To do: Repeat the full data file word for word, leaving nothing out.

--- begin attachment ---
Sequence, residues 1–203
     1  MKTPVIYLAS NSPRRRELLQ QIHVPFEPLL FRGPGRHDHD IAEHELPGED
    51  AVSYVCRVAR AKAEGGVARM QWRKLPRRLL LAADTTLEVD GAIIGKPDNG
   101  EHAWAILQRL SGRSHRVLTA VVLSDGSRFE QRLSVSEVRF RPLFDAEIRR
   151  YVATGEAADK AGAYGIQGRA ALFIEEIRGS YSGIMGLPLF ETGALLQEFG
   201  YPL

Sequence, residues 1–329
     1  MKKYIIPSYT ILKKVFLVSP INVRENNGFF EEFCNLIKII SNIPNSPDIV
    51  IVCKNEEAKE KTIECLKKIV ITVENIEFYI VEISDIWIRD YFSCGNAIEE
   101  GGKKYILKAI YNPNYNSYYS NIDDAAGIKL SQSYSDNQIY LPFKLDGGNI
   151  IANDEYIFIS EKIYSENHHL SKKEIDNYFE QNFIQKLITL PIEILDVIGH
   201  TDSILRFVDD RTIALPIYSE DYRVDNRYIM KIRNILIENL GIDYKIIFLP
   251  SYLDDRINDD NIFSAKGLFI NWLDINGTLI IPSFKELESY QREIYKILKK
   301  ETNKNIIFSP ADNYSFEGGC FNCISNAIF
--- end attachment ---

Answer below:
Sequence, residues 1–203
     1  MKTPVIYLAS NSPRRRELLQ QIHVPFEPLL FRGPGRHDHD IAEHELPGED
    51  AVSYVCRVAR AKAEGGVARM QWRKLPRRLL LAADTTLEVD GAIIGKPDNG
   101  EHAWAILQRL SGRSHRVLTA VVLSDGSRFE QRLSVSEVRF RPLFDAEIRR
   151  YVATGEAADK AGAYGIQGRA ALFIEEIRGS YSGIMGLPLF ETGALLQEFG
   201  YPL

Sequence, residues 1–329
     1  MKKYIIPSYT ILKKVFLVSP INVRENNGFF EEFCNLIKII SNIPNSPDIV
    51  IVCKNEEAKE KTIECLKKIV ITVENIEFYI VEISDIWIRD YFSCGNAIEE
   101  GGKKYILKAI YNPNYNSYYS NIDDAAGIKL SQSYSDNQIY LPFKLDGGNI
   151  IANDEYIFIS EKIYSENHHL SKKEIDNYFE QNFIQKLITL PIEILDVIGH
   201  TDSILRFVDD RTIALPIYSE DYRVDNRYIM KIRNILIENL GIDYKIIFLP
   251  SYLDDRINDD NIFSAKGLFI NWLDINGTLI IPSFKELESY QREIYKILKK
   301  ETNKNIIFSP ADNYSFEGGC FNCISNAIF